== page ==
Monthly Archives: October 2011

Like Totally For Sure!

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Few ’80s teen sexploitation films can say they are loosely based on Shakespeare’s “Romeo and Juliet.” OK, so pretty much all movies that have ‘teen’ in the description are Montague and Capulet-inspired, but one stands above the rest…Valley Girl. Released in 1983, this romantic comedy featured newcomer, and former Maybelline model (Shine Free AND Kissing Potion lip gloss ladies! You remember the ads.), Deborah Foreman as Julie Richman (ha ha! I get it, cuz she’s rich and all!) the popular and pretty valley girl who crosses paths with super-cool punk rocker Randy (no last name given) played by a young Nicolas Cage.
Blah, blah, blah…Julie is the prom queen dating the cool guy, Tommy (Michael Bowen), her friends pressure her not to fall for Randy, but ya know, he’s cool and from Hollywood and listens to the Plimsouls! What girl could resist? Not Julie and she struggles with her need to buy bright pink mini skirts and fingerless gloves at Wet Seal with her friends at the mall or hang out in dark dive bars with Randy and his sexy flippy tri-colored hair. In the end, true love endures and they fall in love…they don’t end up dead like in “Romeo and Juliet.”
Some quick movie facts: the film had a budget of $325,000 and producers were told by the studio that it must earn an R-rating with a minimum of four pairs of bare breasts shown in an effort to attract more male viewers. It was actually a financial success, having earned more than $17 million in domestic earnings. What really set this movie apart from the others of its time and genre are the main players, some of whom went on to illustrious careers in the entertainment industry.

We all know where Cage ended up, but Valley Girl was the first time he used the name Nicolas Cage and not Nicolas Coppola, his real name. Not sure why he felt having the family name would hurt his chances in the movie industry (uncle is Francis and cousin is Sofia), but whatever. It is said that he wanted to avoid the appearance of nepotism, even though his uncle was instrumental in getting Nicolas roles. But I digress…. Funny Valley Girl fact: Nicolas is a hairy guy, so director Martha Coolidge asked him to trim his chest hair a bit, so he basically cut the Superman design (minus the S) into his chest. Check out the beach scene for confirmation.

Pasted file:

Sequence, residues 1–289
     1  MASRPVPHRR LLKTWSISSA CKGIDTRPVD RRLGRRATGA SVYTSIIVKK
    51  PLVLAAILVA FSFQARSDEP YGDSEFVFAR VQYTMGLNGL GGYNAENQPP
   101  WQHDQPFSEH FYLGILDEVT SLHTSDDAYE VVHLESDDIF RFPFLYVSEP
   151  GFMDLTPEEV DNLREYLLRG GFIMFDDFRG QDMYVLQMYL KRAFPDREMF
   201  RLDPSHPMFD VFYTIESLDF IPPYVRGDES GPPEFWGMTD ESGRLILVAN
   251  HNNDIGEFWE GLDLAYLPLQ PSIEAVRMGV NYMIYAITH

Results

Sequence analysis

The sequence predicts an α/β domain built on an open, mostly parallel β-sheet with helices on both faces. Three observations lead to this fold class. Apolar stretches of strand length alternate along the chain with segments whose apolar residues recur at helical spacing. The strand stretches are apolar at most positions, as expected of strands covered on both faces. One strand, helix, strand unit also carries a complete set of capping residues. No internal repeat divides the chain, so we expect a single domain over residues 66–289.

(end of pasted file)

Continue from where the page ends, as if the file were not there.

The role of Julie was originally going to be played by Michelle Pfeiffer, but went to Foreman instead. Having modelled as a teen, Foreman got her first acting break in a McDonald’s commercial that ran only in England.

Foreman also went on to appear in movies Real Genius, My Chauffeur and April Fool’s Day. Today, she owns and operates an online graphics company called DF Graphics.

Julie had a gaggle of close friends at her school, one of which was played by E.G. Daily, one of the most accomplished castmates to come out of the film. As the adorable and slutty Loryn, Daily went on to have an acting, singing and voiceover career. Her credits include (brace yourself): the role of bike repair extraordinaire Dottie in Pee-wee’s Big Adventure, appeared as a singer at the prom in the classic Better Off Dead, played a runaway teen in Rod Stewart’s “Young Turks” video, and played Candy in Rob Zombie’s The Devil’s Rejects, to name just a few. She had songs that have appeared in the films The Breakfast Club, Summer School and Scarface.
But, it’s her voiceover work that has been her moneymaker: She sings the part of young Jake Harper in the opening theme to One and A Half Men, she was the voice of Babe in all of the films, and Tommy Pickles in Rugrats and All Growed Up. Her newest work is playing the voice of Mumbles in the Happy Feet films. Memorable TV appearance include an episode of Friends (The One with Phoebe’s Ex-Partner) and as musical guest for Saturday Night Live in 1986. By the way, Daily was one of the bare breasts that helped the film garner an R rating.
Another friend of Julie was Suzi Brent played by Michelle Meyrink who some of you may remember as female nerd Judy in Revenge of the Nerds and hyper-nerd smartie Jordan Cochran in Real Genius. She also played Marcia, Cherry Valance’s friend, in the film The Outsiders and was cast as Mallory’s best friend in the TV show Family Ties. She eventually dropped off the Hollywood map, studied Zen Buddhism and moved back to her hometown of Vancouver. Today, she is married with three kids and was featured on a Canadian TV series called Quiet Mind in 2004 focused on people who practice Zen Buddhism.

Julie’s jock boyfriend was played by Michael Bowen whom imdb credits 111 roles between the years 1982 and 2012. He is the half-brother of Robert and Keith Carradine, and uncle to Martha Plimpton. He appeared in Less Than Zero, Jackie Brown, Magnolia, Kill Bill and has Slumber Party Slaughter slated for a 2012 release. 🙂 He also appeared in Lost as Danny Pickett.

Actress Joyce Hyser had a small supporting role in Valley Girl as Joyce, but more importantly, she went on to star in Just One of the Guys in 1985. The coolness of that film cannot be discussed here, so be prepared for a full blog entry on that one. She was in This Is Spinal Tap, and numerous TV shows, but she is also known for having a five-year relationship with Bruce Springsteen. In the ’80s she was in a Dan Hartman video for his song “I Can Dream About You.”
One notable role is that of Randy’s ex-girlfriend Samantha that he meets in a club (after he is rejected by Julie) and has a pretty hot make out scene with in the bathroom. The actress is Tina Theberge. Warning: Appearance number two of required boobs.

What’s really odd is the movie poster for Valley Girl features Cage with a girl, meant to be Foreman, but is actually Theberge with blonde hair. They look nothing alike and it makes no sense. Very strange.
Music-wise, an official soundtrack wasn’t released until years later due to clearance problems, but The Plimsouls appear in two scenes at a punk club and Josie Cotton (and the Party Crashers) sing her infamous song, “Johnny Are You Queer?” at the Valley prom.

Sidenotes:
Julie’s hippie, health store-owning parents were played by Colleen Camp and Frederick Forrest who also appeared together in Apocalypse Now.
Camp was a mere nine years older than Foreman during the filming of Valley Girl.
Producers of the film wanted to get Frank Zappa on board as his song “Valley Girl,” sung by his daughter Moon Unit Zappa was in the charts at the time. Frank refused and sued the producers. He eventually lost the case.